Motto To Love Ru anime review

Motto To Love Ru anime review
A year after Lala came to Earth the story from ToLoveRu continues. Lala is detrminated to make Rito fall for her, and she will put all her effort onto it, even knowing that Rito loves another girl. Rito will have a harder time since Lala's little twin sisters live in the same house, also Mikan, and Celine. They will have a lot of fun and trouble with their other friends from school and many others, with Lala's inventions, Yami's contract to kill Rito and many pending issues from season 1.

When I worked together with Tim on the review for the original, I hadn't really read all that much of the manga yet. I had, however, read enough to know that the prequel anime had a nasty habit of adding things that never happened in the manga, or changing around the characters to the point that they became caricatures of themselves. As irony would have it, that's also the reason why I eventually checked out Motto; I had to know how badly they would screw up this one too, now that they had the character designer of Kanokon on the project. (Or so I thought at first.)

So where does that leave us now? Good question. For the most part, Motto To Love Ru fixes the problem the previous To Love Ru animated series had (save for the final episode of the OAV series): they no longer stretch chapters that take six minutes to read into half-hour episodes. Now the episodes are divided into 3 7-minute chunks that nearly adapt word-by-word the manga. (This also has the unfortunate side effect of cutting certain arcs short, such as the one where Rito turns into a dog, to fit the 7 minute time limit.) With one notable exception, though; uncut nudity!

Heh. You didn't think we would actually going to post pictures of that kind of thing on a family-friendly site, did you? Shame on you.

Oddly enough, though the character designs are done by Yuichi Okua, who also did them in the original T.V. series and the OAVs, somehow they feel..different. All the characters are much taller now, and the cast sees to have gotten *ahem* bigger, too. This was probably what lead to the misunderstanding about Motto having inherited Kanokon's character designer, even though we should have realized one noticeable difference; the characters in Motto To Love-Ru have noses.

Despite our initial fears, one thing is absolutely clear: Motto actually improves on its own anime prequel significantly. Barring the difference in character designs and animation style, the decision to reduce manga arcs to seven minutes in order to fit three of them into each episode actually addressed one of the things we complained about with the original. Instead of being long, drawn-out affairs, each arc now moves by as swiftly as the manga it was based on. The order is completely out of whack, though, so some of them had to be altered slightly to fit in with some of the later events of the manga, like the one where Celine takes on the form of a little girl. (Which is a shame, because she was much funnier as a huge, ramen-slurping plant in Rito's backyard.)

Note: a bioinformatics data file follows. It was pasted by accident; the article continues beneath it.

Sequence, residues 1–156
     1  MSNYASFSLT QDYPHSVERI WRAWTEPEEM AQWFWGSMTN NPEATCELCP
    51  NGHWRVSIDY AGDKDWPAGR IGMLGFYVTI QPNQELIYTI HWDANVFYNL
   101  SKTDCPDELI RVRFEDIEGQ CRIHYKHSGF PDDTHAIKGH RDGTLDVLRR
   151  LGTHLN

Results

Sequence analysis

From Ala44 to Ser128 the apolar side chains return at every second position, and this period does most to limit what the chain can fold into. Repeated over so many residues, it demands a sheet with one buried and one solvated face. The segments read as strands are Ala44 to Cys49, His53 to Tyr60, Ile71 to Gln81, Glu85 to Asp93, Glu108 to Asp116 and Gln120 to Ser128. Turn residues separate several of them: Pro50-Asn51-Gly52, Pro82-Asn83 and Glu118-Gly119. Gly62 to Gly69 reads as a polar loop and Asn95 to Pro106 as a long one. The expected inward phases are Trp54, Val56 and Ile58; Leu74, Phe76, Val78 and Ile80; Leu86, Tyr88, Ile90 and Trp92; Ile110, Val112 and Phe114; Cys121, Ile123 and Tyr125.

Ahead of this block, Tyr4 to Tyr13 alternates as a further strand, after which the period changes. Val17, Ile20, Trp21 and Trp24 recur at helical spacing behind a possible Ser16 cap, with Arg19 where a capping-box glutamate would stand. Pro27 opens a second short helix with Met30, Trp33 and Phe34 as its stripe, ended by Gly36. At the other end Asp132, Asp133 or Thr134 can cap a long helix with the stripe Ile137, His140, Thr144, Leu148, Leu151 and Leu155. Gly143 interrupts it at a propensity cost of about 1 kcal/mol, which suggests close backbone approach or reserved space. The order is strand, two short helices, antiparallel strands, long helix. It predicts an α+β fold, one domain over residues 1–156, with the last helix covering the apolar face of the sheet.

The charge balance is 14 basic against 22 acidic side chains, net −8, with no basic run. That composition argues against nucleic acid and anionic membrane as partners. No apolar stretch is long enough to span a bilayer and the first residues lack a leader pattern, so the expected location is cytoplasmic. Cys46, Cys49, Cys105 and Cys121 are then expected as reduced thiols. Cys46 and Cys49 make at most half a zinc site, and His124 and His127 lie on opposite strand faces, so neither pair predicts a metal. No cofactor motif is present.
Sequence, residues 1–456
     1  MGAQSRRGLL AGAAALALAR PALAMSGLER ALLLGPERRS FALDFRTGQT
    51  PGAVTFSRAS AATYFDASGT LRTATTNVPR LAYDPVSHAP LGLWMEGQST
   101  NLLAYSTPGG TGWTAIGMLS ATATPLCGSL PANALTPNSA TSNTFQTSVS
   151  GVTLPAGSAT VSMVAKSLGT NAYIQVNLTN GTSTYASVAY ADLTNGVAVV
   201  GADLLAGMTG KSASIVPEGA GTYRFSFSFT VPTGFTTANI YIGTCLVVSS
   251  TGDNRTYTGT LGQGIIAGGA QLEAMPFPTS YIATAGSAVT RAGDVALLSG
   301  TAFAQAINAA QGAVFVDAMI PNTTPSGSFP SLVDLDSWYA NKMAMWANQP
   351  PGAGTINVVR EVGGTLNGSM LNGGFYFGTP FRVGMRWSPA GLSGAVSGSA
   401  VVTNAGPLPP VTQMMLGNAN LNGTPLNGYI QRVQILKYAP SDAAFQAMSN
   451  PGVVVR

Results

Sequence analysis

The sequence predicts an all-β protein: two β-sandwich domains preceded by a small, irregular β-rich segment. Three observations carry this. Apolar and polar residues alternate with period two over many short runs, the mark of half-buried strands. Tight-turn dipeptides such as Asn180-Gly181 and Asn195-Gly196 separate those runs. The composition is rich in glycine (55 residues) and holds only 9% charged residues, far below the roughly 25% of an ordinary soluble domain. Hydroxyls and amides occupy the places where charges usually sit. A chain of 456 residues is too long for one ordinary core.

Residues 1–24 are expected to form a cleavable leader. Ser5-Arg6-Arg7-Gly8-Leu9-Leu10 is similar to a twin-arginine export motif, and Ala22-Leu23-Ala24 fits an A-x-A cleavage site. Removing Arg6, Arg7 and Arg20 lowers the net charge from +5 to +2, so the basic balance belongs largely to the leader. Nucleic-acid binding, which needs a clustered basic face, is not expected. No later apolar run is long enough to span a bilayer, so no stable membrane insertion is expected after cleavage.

We could also mention the rampant nudity and fanservice, but this is To Love-Ru. Complaining about that would just come off as ridiculous.

The biggest and most appreciated change, however, is that Motto chooses to play its cast more along the manga, as opposed to blowing their characterizations up to eleven. Remember when the original anime changed around Rito and Lala's meeting by adding some lame subplot about how touching a Devilukian woman's breasts is considered a proposal? Or how about Yui, the Rito-hating Neo-Nazi Class Representative? That's kind of what we're getting at; Motto seemingly refuses to hammer this nonsense in until we all look like Pinhead cosplayers.

The character line-up is the same as the first series, for better or worse. There are some new characters, though, like Lala's sisters Momo and Nana, as well as Celine now being a little plant-girl. (The "how" being covered in the manga, but not in the anime.) Unfortunately, all too often the series will focus on its "lesser" characters, like Run, Momo, or that damn principal. And yes, their antics will get old in 5 minutes. (This also accounts for cast member Yami, whose continuous threats and general treatment of Rito is also getting old, though she does at least partially make up for this through her friendship with Mikan.) This is all set-off thankfully with the appearances of the other cast members, including the aforementioned Mikan, who continues being a great little sister, taking the craziness around her and her brother with a leveled head.

Unfortunately, the show ends as abruptly as it starts, and does so by lumping together two short stories that might be considered milestones in the To Love-Ru manga, at least insofar that a lighthearted, generally chaotic harem manga CAN have milestones. This isn't really the anime's fault, as it ends just as abruptly and inconclusively as the original manga. Still, though, it left quite a few people both disgruntled and dissatisfied. Of course, by the time Motto hit the airwaves, the manga sequel had already started, so this might not be the death knell of even the anime. It remains to be seen whether the anime will take up the Darkness banner, given how sexually aggressive it is even compared to the original manga. As for this show...

Better than review, is a Trailer video of: Motto To Love Ru. Watch it now:
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